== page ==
Insuring Equestrian Clubs & Associations Since 1971
As the Equine Assisted Therapy Insurance industry leader we have significantly expanded the scope of coverage in our equine therapy policy.
Premium credits are available if you are a member of an accredited professional association.
A Leader In The Equine Insurance Industry
It is important that you choose a policy specifically designed for your Equine Assisted Services Insurance program. After an intensive research effort we now offer the most comprehensive Equine Assisted Therapy Insurance policy available. 24/7 coverage including extended liability! Please call us today to get a no obligation quote and coverage comparison.
We believe that creative risk management is the key to affordable insurance planning. With a flexible and fresh look at your particular situation, we often see where a simple change can significantly lower or even eliminate a risk and your premium.
Equine Assisted Services Organizations
Approved organizations for policy discounts and premium credits.
Equine-Assisted Activities (EAA)
Equine-assisted activities are any specific center activity, e.g.. therapeutic riding, mounted or ground activities, grooming and stable management, shows, parades, demonstrations, etc., in which the center’s clients, participants, volunteers, instructors and equines are involved.
Equine-Assisted Learning (EAL)
Equine-assisted learning (EAL) is an experiential learning approach that promotes the development of life skills for educational, professional and personal goals through equine-assisted activities. In an EAL setting, the experiential approach integrates equine-human interaction that is guided by a planned learning experience to meet the identified goals or desires of the participant(s). Working with equines provides opportunities to teach critical life skills such as trust, respect, honesty and communication.
Equine-Assisted Therapy (EAT)
Equine-assisted therapy is treatment that incorporates equine activities and/or the equine environment. Rehabilitative goals are related to the patient’s needs and the medical professional’s standards of practice.
Equine-Facilitated Learning (EFL)
Equine Facilitated Learning (EFL) is an educational approach to equine-assisted activities. EFL content is developed and organized by credentialed practitioners with the primary intent to facilitate personal growth and development of life skills through equine interactions.
Equine-Facilitated Psychotherapy (EFP)
EFP is defined as an interactive process in which a licensed mental health professional working with or as an appropriately credentialed equine professional, partners with suitable equine(s) to address psychotherapy goals set forth by the mental health professional and the client.
The American Hippotherapy Association, Inc., defines hippotherapy as a physical, occupational or speech therapy treatment strategy that utilizes equine movement. The word hippotherapy derives from the Greek word hippos, meaning horse. The term hippotherapy refers to the use of the movement of the horse as a treatment strategy by physical therapists, occupational therapists and speech/language pathologists to address impairments, functional limitations and disabilities in patients with neuromotor and sensory dysfunction. This treatment strategy is used as part of an integrated treatment program to achieve functional goals.
Interactive Vaulting is an activity in which the students perform movements on and around the horse. These movements can be very simple such as sitting without holding onto the surcingle or a more elaborate compulsory move such as kneeling or standing on the horse. It all depends on the individual needs of the vaulter. Learn more.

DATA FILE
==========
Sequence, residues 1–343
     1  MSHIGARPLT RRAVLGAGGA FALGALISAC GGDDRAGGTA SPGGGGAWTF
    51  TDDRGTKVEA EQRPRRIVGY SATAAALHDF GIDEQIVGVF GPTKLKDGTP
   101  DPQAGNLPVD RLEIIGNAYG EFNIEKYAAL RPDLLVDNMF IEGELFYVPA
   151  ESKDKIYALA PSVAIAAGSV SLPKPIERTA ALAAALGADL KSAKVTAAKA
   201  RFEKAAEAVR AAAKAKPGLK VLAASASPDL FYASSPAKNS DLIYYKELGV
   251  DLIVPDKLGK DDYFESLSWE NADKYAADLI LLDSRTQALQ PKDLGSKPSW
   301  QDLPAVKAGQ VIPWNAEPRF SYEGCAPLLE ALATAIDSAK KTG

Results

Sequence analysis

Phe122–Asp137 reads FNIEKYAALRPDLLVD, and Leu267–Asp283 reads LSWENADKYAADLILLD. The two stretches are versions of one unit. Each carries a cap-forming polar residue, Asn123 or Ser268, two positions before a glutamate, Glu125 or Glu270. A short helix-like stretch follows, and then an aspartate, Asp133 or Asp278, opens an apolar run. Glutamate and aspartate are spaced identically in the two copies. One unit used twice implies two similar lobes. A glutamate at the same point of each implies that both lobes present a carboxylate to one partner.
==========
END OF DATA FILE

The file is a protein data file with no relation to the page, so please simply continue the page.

Carriage Driving offers students with physical, mental, sensory or emotional disabilities the rewards of interaction and control of a horse or pony while driving from a carriage seat or in their own wheelchair in a carriage modified to accommodate their wheelchair. Learn more.
Therapeutic riding is an equine-assisted activity for the purpose of contributing positively to the cognitive, physical, emotional and social well-being of individuals with special needs. Learn more
- American Hippotherapy Association
- Equine Assisted Growth and Learning Association
- Equine Connection – Academy of Equine Assisted Learning
- Equine Experiential Education Assn
- Equine (EAT) Explained
- Natural Lifemanship
- OK Corral Series – Equine Assisted Psychotherapy
- Path International
- Professional Association of Therapeutic Horsemanship International
- SkyHorse Equine Guided Education
- Therapeutic Adventure Professional Group
The Role of the Equine as Partner in EAAT New scientific research continues to reveal critical information about equine sentience- their abilities of perception, cognition, memory, and emotions such as pain and fear. Equines are able to perceive, respond to and learn from the impressions they receive from minimal sensory stimuli. The stimulus may originate from changes in human biochemistry, body language, or vocal intonations. It can also come from changes in the equine’s environment, relationships with other equines, or the equine’s general health In this way, equines make decisions based upon the stimuli they experience from others or from their environment (Hangg, 2005; Nicol, 2002; Proops, McComb, & Reby, 2009; Saslow, 2002). These abilities are based in natural, biological, physiological, and psychological traits of equines. Each equine is unique in personality, and has individual likes, dislikes and habits. The information gained from equine communication can be highly useful in all EAAT settings. Listening to equine communication can have an effect on the care of the equines, their rate of burnout, and the success of the human-equine interaction. In EAAT sessions or lessons, viewing the equine as a partner invites opportunities for relationship building and skill building with all participants served.